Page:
A normocellular bone marrow aspirate containing less than 5% leukemic blast cells and showing evidence of normal maturation of other marrow elements was the criterion for the achievement of CR. The persistence of myelodysplastic features did not exclude the diagnosis of CR. Remission failures were classified by the investigating clinician as because of either induction death (ID; ie, related to treatment and/or hypoplasia) or resistant disease (RD; ie, related to the failure of therapy to eliminate the disease, including partial remissions with 5%-15% blasts). When the clinician's evaluation was not available, deaths within 30 days of entry were classified as ID and deaths at more than 30 days as RD. Some patients with adverse genetics at diagnosis were already in CR at entry, so these patients do not contribute to the evaluation of CR and reasons for failure.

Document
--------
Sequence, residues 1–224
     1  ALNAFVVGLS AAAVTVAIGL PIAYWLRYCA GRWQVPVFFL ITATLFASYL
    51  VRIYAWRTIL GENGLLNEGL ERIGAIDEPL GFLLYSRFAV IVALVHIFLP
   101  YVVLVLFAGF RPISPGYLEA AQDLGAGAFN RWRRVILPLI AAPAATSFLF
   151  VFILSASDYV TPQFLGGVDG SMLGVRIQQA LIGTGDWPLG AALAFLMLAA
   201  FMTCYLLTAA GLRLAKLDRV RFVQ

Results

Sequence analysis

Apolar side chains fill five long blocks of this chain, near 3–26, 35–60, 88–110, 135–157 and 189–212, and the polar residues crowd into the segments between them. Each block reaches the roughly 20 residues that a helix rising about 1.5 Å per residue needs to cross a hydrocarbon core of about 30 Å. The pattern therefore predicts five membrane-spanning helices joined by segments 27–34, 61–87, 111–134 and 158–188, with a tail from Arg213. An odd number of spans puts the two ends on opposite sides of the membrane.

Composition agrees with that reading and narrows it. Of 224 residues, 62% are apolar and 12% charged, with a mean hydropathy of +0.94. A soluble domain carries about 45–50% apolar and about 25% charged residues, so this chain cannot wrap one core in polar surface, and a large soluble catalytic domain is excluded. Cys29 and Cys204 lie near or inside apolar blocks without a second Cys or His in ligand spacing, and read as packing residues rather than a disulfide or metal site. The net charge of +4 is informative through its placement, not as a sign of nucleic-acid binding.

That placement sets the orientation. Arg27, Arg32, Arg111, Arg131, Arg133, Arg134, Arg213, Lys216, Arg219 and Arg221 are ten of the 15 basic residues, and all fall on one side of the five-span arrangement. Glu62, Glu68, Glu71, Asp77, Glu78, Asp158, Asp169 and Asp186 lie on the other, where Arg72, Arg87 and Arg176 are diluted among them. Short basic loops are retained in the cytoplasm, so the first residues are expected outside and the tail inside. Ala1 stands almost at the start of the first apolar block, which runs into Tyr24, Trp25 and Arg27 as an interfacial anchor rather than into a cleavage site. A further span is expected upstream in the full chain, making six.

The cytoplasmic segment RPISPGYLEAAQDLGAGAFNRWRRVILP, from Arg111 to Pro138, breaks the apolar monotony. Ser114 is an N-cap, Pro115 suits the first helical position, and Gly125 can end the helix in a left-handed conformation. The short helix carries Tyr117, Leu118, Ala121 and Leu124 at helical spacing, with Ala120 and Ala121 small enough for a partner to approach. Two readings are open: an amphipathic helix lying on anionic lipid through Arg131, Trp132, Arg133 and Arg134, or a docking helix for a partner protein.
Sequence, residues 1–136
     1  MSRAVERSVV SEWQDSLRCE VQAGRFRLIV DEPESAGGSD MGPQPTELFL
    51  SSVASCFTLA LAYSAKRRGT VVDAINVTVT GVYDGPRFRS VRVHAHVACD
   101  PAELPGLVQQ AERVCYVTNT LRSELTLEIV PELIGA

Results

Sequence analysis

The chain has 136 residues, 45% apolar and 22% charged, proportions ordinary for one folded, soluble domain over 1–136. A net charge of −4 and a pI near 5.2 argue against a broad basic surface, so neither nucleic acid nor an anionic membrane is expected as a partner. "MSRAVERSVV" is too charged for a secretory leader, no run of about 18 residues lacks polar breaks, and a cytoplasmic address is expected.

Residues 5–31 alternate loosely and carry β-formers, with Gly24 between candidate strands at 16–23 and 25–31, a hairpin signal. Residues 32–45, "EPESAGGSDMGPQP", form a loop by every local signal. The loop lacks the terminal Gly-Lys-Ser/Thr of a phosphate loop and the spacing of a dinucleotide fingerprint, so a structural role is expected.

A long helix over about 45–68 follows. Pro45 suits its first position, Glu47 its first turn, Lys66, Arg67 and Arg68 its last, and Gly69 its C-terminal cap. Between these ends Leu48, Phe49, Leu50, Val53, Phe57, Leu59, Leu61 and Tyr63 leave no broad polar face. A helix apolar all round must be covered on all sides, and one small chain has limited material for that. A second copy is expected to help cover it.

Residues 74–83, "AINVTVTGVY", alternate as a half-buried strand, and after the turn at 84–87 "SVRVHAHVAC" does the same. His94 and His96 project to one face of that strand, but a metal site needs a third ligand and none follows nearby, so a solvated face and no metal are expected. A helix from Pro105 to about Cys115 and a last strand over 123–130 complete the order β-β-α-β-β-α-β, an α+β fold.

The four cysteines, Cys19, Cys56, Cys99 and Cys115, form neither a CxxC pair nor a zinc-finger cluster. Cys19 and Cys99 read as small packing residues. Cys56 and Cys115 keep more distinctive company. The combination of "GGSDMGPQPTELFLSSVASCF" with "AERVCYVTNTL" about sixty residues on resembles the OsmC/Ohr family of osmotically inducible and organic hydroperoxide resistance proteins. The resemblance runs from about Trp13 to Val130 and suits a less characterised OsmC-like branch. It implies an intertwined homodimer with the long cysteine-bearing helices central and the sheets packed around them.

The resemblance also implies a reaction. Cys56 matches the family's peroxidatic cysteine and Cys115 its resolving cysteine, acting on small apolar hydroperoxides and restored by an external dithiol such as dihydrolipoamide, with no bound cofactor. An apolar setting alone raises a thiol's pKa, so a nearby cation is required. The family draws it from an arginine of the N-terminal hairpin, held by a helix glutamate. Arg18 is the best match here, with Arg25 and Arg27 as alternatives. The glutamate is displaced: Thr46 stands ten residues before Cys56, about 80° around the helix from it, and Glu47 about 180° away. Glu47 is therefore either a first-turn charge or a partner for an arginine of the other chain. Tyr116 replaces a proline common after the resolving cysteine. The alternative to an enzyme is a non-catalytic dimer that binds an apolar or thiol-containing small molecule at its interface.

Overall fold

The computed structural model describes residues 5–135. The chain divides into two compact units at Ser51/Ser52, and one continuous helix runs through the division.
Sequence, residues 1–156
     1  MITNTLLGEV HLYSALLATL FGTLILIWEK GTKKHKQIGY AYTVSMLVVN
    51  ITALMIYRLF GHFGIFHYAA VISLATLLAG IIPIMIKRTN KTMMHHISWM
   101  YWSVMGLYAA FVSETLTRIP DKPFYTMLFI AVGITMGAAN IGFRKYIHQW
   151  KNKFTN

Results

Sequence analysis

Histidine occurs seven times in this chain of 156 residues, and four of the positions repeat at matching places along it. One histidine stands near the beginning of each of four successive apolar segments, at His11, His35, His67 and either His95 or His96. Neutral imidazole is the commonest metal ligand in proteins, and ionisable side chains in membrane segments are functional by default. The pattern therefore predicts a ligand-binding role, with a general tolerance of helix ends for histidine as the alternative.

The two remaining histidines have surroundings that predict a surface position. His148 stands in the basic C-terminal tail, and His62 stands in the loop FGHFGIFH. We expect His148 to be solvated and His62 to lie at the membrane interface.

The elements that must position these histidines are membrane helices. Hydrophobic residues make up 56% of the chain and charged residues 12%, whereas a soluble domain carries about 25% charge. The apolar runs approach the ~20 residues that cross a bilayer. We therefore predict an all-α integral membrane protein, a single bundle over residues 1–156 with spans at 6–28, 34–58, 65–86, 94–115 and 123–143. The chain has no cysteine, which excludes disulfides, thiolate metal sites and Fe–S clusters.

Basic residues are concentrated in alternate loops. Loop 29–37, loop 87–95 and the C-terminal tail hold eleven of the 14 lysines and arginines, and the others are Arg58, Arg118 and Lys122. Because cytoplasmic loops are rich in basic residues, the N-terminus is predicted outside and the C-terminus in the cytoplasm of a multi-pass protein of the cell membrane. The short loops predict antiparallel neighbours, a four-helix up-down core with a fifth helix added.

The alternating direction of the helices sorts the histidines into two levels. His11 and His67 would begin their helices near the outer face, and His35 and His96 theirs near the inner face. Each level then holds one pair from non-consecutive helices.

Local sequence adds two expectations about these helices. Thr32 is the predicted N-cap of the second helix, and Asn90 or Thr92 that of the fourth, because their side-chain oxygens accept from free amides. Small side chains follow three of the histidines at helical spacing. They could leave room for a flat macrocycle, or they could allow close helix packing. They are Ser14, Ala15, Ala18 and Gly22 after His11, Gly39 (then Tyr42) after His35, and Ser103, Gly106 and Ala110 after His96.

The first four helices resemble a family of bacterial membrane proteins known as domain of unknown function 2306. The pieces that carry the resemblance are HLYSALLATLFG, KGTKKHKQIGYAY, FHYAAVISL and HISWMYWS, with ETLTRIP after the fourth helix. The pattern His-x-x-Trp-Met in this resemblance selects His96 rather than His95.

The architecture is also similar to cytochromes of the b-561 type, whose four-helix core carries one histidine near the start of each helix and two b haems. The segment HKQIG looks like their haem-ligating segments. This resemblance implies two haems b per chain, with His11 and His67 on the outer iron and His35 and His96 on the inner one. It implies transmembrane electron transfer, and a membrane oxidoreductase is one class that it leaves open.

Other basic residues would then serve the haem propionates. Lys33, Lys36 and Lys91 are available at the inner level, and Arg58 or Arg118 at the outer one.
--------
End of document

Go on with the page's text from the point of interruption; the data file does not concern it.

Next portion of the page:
The following definitions are also used: overall survival (OS) is the time from random assignment to death; for remitters, disease-free survival (DFS) is the time from CR to first event (either relapse or death in CR), except for patients with adverse genetics who were in CR at the time of entry for whom it is the time from random assignment to first event; and, for remitters, the relapse risk is the cumulative probability of relapse ignoring (ie, censoring at) death in first CR, and death in first CR is the cumulative probability of dying in CR ignoring relapse.

Statistical methods

The trial sample size was calculated on the basis that to detect a 10% improvement in 2-year survival from 10% to 20%, at a 2-tailed P value of .05 with 90% power would require 400 patients for each comparison (ie, 200 per treatment arm) in the absence of interactions among the 3 comparisons.